Keep the home fires burning

 

by David Moss


May 2008


Now look what a fine mess we've got ourselves into.

 

Read Jackie Ashley in today's Guardian. "All Gordon can do is fight on – and hope his luck turns", she says, and "Gordon Brown's future is not in his own hands." Quite so. On 2 May 2008, a period of no government started, and it will persist until the next general election.

If the government isn't in charge of the country, someone else will be. The US or the EU? Big business or the unions? The judiciary or the military? The religious left or the media?

For some people, this period of no government will be a tremendous opportunity. But it is dangerous. It would be better if we weren't in this state. Something has gone wrong.

And if something has gone wrong, then there must be someone to blame, someone must be guilty.

We name the guilty men. Guilt is the Guardian's stock in trade. Its readers love it. We thrive on it. The more the better. All the carnage in the Middle East is my fault. I am to blame for the implosion of the Democrats in the US primaries. Me. Personally. Beat me, Daddy, eight to the bar. Please.

And now the focus comes home. The Middle East and the US will continue to have their problems, but we've got our own ... TING – there is no government. And whose fault is that?

There can only ever be one answer. The Guardian's. There is Seamus Milne and his Progressive Premium. (ProPrem is a tranquiliser available on prescription only.) He is not alone. All the Guardian's columnists with the exception of Simon Jenkins are now emerging for the first time in eleven years from the underground chambers where Guardian opinion is determined. Only to find that the outside world is quite different.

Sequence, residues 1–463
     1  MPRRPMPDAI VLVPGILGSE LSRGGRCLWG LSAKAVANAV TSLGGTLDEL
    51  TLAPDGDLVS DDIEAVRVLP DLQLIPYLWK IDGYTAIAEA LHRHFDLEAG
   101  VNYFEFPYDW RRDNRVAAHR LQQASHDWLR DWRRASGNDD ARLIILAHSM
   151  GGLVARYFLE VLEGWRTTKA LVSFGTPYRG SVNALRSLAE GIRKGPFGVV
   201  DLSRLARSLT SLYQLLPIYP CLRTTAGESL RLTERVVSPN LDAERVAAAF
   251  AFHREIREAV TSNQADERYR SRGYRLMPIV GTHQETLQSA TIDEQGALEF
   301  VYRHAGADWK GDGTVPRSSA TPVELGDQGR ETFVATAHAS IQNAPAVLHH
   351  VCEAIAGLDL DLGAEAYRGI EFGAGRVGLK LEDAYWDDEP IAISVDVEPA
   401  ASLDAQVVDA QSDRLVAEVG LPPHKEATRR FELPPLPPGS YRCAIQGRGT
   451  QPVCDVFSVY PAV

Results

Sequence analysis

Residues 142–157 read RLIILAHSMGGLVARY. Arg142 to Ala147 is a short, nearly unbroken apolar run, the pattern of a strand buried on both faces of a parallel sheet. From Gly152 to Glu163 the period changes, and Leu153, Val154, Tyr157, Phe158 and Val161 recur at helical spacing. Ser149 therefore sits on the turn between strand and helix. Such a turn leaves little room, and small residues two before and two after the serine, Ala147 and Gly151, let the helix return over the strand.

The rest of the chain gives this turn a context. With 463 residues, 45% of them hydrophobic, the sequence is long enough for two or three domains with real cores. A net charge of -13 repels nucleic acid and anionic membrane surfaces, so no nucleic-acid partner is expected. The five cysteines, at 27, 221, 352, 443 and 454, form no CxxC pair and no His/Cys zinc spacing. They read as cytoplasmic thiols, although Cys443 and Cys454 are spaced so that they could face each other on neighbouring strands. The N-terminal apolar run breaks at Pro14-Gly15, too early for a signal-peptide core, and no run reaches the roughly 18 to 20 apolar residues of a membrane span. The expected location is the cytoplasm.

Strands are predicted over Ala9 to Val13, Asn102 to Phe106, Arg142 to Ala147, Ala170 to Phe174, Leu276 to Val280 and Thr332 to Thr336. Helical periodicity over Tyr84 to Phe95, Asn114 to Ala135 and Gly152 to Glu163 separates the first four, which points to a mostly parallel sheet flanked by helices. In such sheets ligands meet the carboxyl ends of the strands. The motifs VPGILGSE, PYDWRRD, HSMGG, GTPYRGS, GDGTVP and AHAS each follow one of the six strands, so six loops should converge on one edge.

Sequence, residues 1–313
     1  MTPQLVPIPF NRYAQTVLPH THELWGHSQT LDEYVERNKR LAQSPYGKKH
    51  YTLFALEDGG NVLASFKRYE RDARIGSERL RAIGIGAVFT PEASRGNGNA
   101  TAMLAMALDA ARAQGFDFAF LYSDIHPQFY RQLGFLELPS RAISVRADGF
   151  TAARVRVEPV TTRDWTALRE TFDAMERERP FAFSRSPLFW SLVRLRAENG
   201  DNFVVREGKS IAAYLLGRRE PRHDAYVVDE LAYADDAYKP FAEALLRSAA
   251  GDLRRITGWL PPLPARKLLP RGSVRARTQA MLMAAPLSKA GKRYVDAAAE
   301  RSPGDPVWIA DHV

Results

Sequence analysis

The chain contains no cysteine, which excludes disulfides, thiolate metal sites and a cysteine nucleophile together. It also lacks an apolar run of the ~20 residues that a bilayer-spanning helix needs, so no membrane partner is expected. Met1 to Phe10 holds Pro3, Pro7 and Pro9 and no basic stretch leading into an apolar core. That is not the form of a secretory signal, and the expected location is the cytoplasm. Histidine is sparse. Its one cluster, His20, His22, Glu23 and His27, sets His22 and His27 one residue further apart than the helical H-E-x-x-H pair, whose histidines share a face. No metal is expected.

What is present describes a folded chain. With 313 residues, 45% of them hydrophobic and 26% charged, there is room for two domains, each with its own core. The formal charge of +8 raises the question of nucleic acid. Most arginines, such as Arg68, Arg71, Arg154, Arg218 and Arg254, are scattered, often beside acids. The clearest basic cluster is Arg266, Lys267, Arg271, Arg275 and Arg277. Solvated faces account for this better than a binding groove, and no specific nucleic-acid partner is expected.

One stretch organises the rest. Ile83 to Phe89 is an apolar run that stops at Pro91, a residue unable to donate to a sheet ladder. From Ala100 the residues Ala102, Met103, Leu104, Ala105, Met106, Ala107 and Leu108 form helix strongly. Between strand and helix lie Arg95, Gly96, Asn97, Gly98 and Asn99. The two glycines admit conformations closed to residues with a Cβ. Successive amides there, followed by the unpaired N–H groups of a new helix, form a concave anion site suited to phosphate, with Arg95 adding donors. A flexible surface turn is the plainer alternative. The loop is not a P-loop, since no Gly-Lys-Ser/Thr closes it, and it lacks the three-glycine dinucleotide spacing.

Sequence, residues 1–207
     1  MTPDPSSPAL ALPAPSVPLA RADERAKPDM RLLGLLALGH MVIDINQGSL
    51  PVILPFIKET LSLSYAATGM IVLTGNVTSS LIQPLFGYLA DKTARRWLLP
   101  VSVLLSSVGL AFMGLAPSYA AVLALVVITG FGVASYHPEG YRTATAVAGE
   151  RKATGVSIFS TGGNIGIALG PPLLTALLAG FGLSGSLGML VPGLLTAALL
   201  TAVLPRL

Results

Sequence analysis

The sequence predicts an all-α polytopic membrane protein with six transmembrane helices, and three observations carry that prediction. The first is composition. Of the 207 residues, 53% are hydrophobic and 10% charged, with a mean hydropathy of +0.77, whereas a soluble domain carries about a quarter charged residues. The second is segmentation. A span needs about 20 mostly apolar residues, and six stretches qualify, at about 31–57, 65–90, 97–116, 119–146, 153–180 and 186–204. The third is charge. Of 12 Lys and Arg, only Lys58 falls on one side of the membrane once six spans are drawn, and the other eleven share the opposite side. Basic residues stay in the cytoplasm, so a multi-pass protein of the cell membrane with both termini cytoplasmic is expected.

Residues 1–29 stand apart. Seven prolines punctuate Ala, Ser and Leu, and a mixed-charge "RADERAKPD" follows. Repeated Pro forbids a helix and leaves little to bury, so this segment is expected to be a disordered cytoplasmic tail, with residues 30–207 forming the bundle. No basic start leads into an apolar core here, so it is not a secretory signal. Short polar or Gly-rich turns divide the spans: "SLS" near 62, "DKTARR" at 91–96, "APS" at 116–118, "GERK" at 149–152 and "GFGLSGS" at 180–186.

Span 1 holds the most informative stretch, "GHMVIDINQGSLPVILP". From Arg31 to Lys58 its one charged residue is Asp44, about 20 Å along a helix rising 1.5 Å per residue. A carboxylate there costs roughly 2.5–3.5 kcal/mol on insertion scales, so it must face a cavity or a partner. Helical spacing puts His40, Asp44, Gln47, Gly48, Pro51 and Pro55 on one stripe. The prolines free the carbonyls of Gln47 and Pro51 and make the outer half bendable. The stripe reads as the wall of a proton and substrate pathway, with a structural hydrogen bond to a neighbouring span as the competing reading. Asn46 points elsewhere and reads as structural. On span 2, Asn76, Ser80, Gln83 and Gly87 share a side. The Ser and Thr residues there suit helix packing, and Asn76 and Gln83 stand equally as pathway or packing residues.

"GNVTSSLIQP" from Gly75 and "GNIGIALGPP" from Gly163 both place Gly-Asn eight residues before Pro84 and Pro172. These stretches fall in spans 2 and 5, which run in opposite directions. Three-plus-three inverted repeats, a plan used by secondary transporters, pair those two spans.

It is nothing like the reality they have spent eleven years forging. Gordon is a strong man, they said, even as he demonstrated his weakness. Gordon will champion the poor, they said, even as he created more of them. It is sad to see a teenage boy trying desperately to convince himself that the girl who has told him in a hundred ways that she doesn't find him attractive, really loves him. Surely the "real" Gordon is "essentially" Labour, "deep down". Self – dear boy – deception, take another ProPrem.

You, we, I have created dis TING. It is your, our, my fault. There's no getting away from it. Oops. You, we, I have brought about a situation in which power over the country is held by extra-parliamentary forces. We can hand out the ProPrem opium of the masses and continue to live in denial. Or we can do something practical.

But, oh dear. What?

Change the policies. Change the leader. Listen. Learn. Lead. Consult. Return to our roots. Re-discover our principles ... TIST – there is still time ...

No, there isn't. It's over. For everyone's sake, the government must be brought down as soon as possible. Democratically. Whether by a vote of no confidence tabled by the opposition or a vote of confidence tabled by the other opposition.

To be replaced with what? The Lib Dems? They must be congenial to most real, deep down essentially Labour supporters. Or the Conservatives? No policies? What policies do the government have? You don't trust them? You mean you still trust the present government?

To be replaced with what? To be replaced with anything. A leap in the dark. Whatever ... but we can't keep going for long with no government. A pleasure though that would be for some people, it is dangerous.


David Moss has spent five years campaigning against the Home Office's ID card scheme.

2008 Business Consultancy Services Ltd
on behalf of Dematerialised ID Ltd